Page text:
Let’s dive right into it and address the cannibalism-referencing elephant in the room. San Francisco alt-rock band The Downer Party‘s name sounds an awful lot like a certain infamous wagon train of Gold Rush pioneers who got stranded in the Sierra Nevada mountains during the winter of 1846-47, and, yes, the pun is intentional.
The chilly connotations of frontwoman Sierra Frost’s name, on the other hand, are completely coincidental. At 20, Frost is already a veteran of the Bay Area music scene. She started singing with established rock band Elephone before she was eligible to vote. She founded The Downer Party in 2008, and has remained the only constant as other members have come and gone.
As a result, the band’s sound has shifted considerably from the teenage power-pop of its debut EP. Frost said the new EP, “Cities,” being released on April 1 with a show at Bottom of the Hill, is influenced by Wilco, Built to Spill and “more mellow, more wordy, more touchy-feely” bands. The group is already working on its next recording, and it is being shaped by the “big ’90s rock binge” Frost has been on lately. The Downer Party’s stage presence has been described as “a walking hangover,” and a cheeky attitude that harkens back to such alt-rock heroes as Pixies is undeniable.
Over a noontime bowl of ice cream topped with Girl Scout cookies, Frost discussed the origins of the band’s moniker.
ATCL: So … why’d you name your band that?
Sierra Frost: I think that originally I wanted the band to be called The Donner Party, but that was already taken. They’re actually a San Francisco band, I think from the ’70s?[Blogger’s note: The Donner Party was active from 1986-89.] I thought that was a fun historicalism, but when we figured out that was taken … we had this drummer at the time who was a total snarky asshole. … So he said, “How about The Downer Party?” For whatever reason, I don’t even know why, it stuck.
It’s not an incredible name. People always say the same thing, like, ‘Do you guys eat each other?” I don’t know. I don’t think it’s awesome, but some people seem to like it. We’re stuck with it now.
ATCL: I would say I’m one of those people that seem to like it.
SF: That’s good. I’m sure if it wasn’t my band name I’d like it a lot more.
ATCL: I think that’s pretty common, to hate your own band name.
SF: After you know what a band sounds like, the band name takes on that meaning. Like the Pixies. If you played someone the Pixies, and then played Belle and Sebastian and then Goo Goo Dolls, they probably wouldn’t pick the Pixies clip to be associated with the Pixies (name). You know what I mean? Now “the Pixies” means that to me, and I think it’s the most fitting band name ever.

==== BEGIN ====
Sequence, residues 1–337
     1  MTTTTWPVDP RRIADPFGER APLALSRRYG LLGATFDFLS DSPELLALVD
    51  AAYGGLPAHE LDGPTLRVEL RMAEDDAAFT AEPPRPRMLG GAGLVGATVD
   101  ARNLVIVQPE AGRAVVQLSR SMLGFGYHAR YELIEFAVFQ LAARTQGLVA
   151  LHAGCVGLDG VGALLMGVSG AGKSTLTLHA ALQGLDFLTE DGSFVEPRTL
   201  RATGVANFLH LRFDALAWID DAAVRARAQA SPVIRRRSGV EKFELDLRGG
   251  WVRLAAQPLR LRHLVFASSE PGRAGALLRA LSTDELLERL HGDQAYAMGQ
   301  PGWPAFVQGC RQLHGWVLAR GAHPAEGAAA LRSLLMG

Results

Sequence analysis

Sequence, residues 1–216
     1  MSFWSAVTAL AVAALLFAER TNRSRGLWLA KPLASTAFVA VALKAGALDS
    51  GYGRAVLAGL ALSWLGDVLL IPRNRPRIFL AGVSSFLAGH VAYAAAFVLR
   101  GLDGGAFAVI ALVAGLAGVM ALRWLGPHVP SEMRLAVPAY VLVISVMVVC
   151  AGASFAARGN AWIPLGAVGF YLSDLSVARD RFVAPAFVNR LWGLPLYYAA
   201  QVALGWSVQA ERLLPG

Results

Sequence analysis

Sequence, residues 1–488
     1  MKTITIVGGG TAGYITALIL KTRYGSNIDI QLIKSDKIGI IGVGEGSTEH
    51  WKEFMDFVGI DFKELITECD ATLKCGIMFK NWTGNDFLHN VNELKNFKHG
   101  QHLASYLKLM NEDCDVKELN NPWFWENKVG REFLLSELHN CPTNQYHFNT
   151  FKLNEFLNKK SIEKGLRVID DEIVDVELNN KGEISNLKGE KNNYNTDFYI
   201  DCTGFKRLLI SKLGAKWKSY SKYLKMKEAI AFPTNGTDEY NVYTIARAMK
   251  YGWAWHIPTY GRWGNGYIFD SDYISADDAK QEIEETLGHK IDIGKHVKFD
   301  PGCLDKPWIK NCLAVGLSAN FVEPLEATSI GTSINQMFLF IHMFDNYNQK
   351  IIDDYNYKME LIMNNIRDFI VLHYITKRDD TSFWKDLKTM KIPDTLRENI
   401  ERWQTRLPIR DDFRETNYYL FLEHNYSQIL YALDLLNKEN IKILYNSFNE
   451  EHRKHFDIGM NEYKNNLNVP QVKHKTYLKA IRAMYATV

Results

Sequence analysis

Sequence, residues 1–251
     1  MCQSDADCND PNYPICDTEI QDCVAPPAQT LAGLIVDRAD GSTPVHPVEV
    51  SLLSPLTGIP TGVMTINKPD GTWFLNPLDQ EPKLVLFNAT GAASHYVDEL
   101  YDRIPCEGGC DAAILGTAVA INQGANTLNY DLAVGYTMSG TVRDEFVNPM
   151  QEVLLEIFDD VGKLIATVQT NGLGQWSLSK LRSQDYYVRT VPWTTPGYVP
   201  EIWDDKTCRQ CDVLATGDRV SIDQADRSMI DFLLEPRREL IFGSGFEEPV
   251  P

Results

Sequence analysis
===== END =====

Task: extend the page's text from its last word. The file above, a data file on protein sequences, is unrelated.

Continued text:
ATCL: Can you remember any alternate names you considered? Other than The Donner Party?
SF: One of my favorite band names I had was Not From Sweden. I thought that was a pretty good one. Let’s see … oh, The Dinner Party [laughs]. I mean, everyone goes through that, the slew of shit names they joke around with with their friends. The guy who named the band, his name was Shaw, so we were almost Shaw and The Shaws. …
Another one is Sensual Harassment. I think that’s really funny, the idea of being harassed sensually. …
ATCL: Do people ever get the name wrong? Do they think it’s The Donner Party?
SF: I think a lot of people think it’s The Donner Party. When I tell them it’s The Downer Party, it’s awkward. They always ask us two things: “Do you eat each other?” or “Do you take a lot of downer drugs?” Neither of those (is true). That’s ridiculous.
ATCL: How attached to it are you at this point?
SF: I’m probably not going to change it. It’s not about attachment so much as about practicality. …
ATCL: Let me wrap this up by asking if you have any advice for the young bands out there searching for names?
SF: Go back to college.
ATCL: That’s a good answer.
SF: This is such stupid advice because I didn’t do it myself, but … stay away from trendy band names. Have a trendy band, but don’t pigeonhole yourself with your name. The Downer Party definitely sounds like the name of a pop-punk band, and it doesn’t sound like the kind of band we are now.
And also, Thin Mints and French Vanilla Ice Cream is the shit. It’s unbelievable.
The Downer Party’s CD release show for “Cities” is at 10 p.m. April 1 at Bottom of the Hill, 1233 17th St., San Francisco. Books on Tape and Nero Nava also are performing. Doors open at 8:30 p.m. All ages are welcome. Tickets are $10.